She braved a snow squall to visit the pub where she and Nolan had been regulars. The candlelit tinkle of glassware and a Guinness brought a contentment she hadn’t known in weeks. A second beer couldn’t hurt, so she flagged a waitress. But the barman himself brought it. Derrick or Darryl. She watched him approach, her heart sinking. He and Nolan were friends.
No, she hadn’t heard from Nolan. Smiling like she’d never given this a second thought. Well, she lied, except for a postcard mailed just after he arrived in India. No, she hadn’t wanted to go. But it had seemed at the time—this just occurring to her—that she’d rather stay home feeling abandoned and pining for his return. And that’s exactly where she was.
She left her beer where the barman had placed it and wandered the icy streets until her face was half frozen and the shame of her own stupidity burned slightly less hot.
It was only much later, lying sleepless in bed, that she realized she’d never once considered whether she should be drinking or not.
En route to St. Helen’s, Lander cooked up a great story about her boyfriend returning from India and dumping her. In it, she threw him out of the apartment and then got so drunk she made herself sick and missed a day of work. Yes—and before that she’d also thrown all his clothing out the bedroom window into the snow.
Carly sat beside her. The girl had called twice in the past week to see how she was doing. “Cool pants,” Carly said of Lander’s green cords. “You wear the coolest stuff.”
Lander had glimpsed a lovely figure beneath the girl’s perpetual hoodie-and-cargo-pant combination. Carly might feel more like the woman she wanted to become if she looked the part.
“I’ve got plenty more . . .” was all she managed to say before a hush silenced the room.
At the bottom of the stairs, Susan turned from the coat rack to reveal a battered, blackened left eye. Her hand reached up to it, in shame or protection.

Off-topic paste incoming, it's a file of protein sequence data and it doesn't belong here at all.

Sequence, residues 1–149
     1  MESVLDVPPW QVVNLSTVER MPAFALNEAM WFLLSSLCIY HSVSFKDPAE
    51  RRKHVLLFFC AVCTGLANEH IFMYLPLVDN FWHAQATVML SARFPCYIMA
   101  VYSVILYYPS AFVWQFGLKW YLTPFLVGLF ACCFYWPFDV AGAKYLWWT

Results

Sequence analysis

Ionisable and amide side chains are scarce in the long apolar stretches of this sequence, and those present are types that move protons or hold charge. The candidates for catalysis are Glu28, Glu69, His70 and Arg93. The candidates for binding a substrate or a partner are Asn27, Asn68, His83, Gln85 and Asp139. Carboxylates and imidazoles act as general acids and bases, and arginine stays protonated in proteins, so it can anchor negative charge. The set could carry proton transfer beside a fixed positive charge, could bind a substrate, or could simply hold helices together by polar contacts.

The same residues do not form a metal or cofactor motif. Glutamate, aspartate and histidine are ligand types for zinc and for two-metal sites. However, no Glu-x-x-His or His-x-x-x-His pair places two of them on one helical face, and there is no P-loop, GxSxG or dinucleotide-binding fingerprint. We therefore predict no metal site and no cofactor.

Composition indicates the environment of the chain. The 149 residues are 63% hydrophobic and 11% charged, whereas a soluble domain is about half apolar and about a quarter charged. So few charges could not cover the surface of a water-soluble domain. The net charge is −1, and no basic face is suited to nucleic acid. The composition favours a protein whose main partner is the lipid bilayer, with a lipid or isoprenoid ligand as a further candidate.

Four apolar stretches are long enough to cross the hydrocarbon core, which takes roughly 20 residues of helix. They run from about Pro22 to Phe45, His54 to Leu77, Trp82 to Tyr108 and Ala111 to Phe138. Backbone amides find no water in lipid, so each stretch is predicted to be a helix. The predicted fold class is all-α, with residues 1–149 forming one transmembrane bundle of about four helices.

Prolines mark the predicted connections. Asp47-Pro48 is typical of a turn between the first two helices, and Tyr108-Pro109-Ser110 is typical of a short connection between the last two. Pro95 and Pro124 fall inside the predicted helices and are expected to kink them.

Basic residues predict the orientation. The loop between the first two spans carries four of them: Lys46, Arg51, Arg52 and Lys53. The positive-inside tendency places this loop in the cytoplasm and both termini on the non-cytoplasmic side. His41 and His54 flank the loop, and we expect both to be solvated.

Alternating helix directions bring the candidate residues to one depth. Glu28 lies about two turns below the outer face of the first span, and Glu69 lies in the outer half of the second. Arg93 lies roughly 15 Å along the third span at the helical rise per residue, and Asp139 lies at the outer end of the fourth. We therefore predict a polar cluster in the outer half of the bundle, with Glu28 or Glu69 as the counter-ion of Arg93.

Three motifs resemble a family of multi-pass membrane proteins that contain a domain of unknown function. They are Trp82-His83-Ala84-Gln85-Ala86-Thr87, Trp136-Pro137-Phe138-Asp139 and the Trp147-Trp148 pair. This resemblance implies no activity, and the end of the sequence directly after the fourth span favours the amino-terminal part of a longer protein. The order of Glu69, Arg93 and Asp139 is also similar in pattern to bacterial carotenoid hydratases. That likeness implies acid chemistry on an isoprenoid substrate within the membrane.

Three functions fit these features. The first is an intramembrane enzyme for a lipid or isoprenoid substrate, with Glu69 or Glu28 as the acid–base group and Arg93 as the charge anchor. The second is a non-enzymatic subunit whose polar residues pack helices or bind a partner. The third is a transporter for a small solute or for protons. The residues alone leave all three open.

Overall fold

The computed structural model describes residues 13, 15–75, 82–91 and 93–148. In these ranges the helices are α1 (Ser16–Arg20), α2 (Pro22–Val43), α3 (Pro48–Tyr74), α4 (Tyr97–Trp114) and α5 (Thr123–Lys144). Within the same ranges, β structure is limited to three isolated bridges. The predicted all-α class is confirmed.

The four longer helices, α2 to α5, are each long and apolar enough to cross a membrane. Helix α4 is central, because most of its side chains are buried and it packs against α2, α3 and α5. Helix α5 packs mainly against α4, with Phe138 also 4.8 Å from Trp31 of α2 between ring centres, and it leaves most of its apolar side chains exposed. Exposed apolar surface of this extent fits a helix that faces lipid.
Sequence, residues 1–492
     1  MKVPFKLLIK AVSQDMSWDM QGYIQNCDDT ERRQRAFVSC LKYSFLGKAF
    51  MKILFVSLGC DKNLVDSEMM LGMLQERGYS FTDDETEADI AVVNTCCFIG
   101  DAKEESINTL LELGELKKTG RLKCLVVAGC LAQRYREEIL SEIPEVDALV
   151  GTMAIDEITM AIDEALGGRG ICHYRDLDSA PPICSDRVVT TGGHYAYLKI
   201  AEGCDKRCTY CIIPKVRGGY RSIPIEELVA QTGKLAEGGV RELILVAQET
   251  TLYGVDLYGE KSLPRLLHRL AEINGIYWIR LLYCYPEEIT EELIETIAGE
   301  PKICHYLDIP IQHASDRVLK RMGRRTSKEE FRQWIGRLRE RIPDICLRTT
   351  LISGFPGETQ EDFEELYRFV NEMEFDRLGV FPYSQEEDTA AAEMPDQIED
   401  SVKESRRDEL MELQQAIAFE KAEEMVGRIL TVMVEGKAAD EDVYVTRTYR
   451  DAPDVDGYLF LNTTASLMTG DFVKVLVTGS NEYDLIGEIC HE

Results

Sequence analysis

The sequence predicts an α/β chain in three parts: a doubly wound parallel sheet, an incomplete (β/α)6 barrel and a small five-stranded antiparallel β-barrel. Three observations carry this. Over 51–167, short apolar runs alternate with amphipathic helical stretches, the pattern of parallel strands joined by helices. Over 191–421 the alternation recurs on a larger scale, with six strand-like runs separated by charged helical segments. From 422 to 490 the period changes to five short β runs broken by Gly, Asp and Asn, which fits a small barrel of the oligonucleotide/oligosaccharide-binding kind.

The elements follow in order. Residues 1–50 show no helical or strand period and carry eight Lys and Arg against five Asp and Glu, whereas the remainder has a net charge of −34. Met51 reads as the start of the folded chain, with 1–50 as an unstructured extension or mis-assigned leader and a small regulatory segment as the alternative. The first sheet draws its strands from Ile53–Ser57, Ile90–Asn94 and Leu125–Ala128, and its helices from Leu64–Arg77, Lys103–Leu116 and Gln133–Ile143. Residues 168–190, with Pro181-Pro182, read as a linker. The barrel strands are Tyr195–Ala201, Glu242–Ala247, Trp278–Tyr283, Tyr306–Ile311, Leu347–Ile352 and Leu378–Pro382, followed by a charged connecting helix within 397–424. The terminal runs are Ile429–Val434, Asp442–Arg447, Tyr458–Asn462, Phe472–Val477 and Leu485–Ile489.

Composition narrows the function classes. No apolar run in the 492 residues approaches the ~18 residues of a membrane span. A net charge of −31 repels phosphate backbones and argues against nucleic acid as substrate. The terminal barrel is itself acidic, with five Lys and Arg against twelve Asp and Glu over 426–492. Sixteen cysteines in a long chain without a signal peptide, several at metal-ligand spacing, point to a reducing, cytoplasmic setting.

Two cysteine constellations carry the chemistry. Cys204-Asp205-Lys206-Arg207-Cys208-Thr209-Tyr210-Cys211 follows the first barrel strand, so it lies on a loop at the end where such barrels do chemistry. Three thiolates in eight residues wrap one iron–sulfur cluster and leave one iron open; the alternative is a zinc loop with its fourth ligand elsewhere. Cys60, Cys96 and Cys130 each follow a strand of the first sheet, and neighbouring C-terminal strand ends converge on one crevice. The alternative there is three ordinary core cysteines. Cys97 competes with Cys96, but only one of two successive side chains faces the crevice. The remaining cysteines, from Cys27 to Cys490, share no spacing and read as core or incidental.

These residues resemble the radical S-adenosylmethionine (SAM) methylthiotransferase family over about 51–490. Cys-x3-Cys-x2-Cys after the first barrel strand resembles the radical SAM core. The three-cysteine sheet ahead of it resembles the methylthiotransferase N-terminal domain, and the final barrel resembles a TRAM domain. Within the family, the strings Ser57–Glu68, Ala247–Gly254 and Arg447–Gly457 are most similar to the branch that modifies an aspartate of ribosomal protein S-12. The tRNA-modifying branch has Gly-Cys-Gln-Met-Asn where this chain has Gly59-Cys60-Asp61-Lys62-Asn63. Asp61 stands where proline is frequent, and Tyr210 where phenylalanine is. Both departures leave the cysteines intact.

“It’s not as bad as it looks,” Susan said. “And it wasn’t my husband. He’s on my side. It was a guy at the bar.”
Beatriz got them settled and thanked everyone for coming. Then she asked them all to join hands, close their eyes, and share their strength with Susan.
Carly’s hand was exceptionally warm, and the girl was near tears. There was no point, those few moments suggested to Lander, in making up stories of hardship and failure when there were so many real stories to be shared.
Carly’s ex-boyfriend was coming to Toronto to headline a party at the Guvernment. She wouldn’t admit she was nervous about seeing him, but she’d instantly accepted Lander’s offer to borrow some clothes for the party.
Lander lifted some jeans from a pile. “You’re like, a four? I used to be.”
Carly accepted the jeans without much enthusiasm. “Have you got any sweaters?”
“No. You need to stop hiding in those hoodies. So what if you get upset when you see him and want to use again? Have you thought of that?”
“Yeah, that’s cool now. I’m over that shit. No more partying.”
“If you say so.”
It occurred to Lander that Carly was the only other person to enter her apartment since Nolan left two months ago.
Carly found an ivory cardigan decorated in a western style, with scarlet roses and lariats. The silver buttons were tiny pistols.
“Cool. Can I have this?”
Lander bristled. The sweater was a cherished relic of her Kensington Market days.
“Only if you wear it over a cute dress.”
“I haven’t worn dresses since I was a kid.” Carly dug out Lander’s white go-go boots, and laughed. “What the fuck are these? Michael Jackson moon boots?”
The boots were also favourites but her days of wearing them, she’d decided, sadly, were over.
“You should take those, too. You’ve got the legs for them.”
“They’re like, the old disco days,” she said, providing Lander a lightening flash of how she must appear to this girl. “I’d get laughed out of the party.”
Later that week two friends turned up at Lander’s apartment unannounced on their way to the outlet malls in Buffalo. Here was a chance to revolutionize her wardrobe in a single day. But it would mean missing a session at St. Helen’s.
“So long as we get back by six-thirty,” she said, knowing they never would.
When she got home at midnight there were four messages on her answering machine. Expectation lit her up. There hadn’t been many people calling her lately, and she’d just spent the day with two of them. She tossed an armful of shopping bags and shoeboxes onto the couch.
One message was from Beatriz, asking after her absence, and three were from Carly, increasingly desperate, describing an ordeal with her ex-boyfriend. Lander called Carly back three times in the next hour without getting an answer, then lay awake wondering how much trouble Carly actually was in since the girl tended to exaggerate.
The next morning she was down the street at the Radio Shack in the Dufferin Mall buying a silver Motorola flip phone and a plan that included international minutes. Her first call was to Carly, who still didn’t answer.
At the next session Carly wore the jeans and cowgirl sweater Lander had given her. Lander approached to offer a compliment but Carly ignored her to chat with Natalie. Which was ridiculous, since Lander had left Carly five messages in the past week.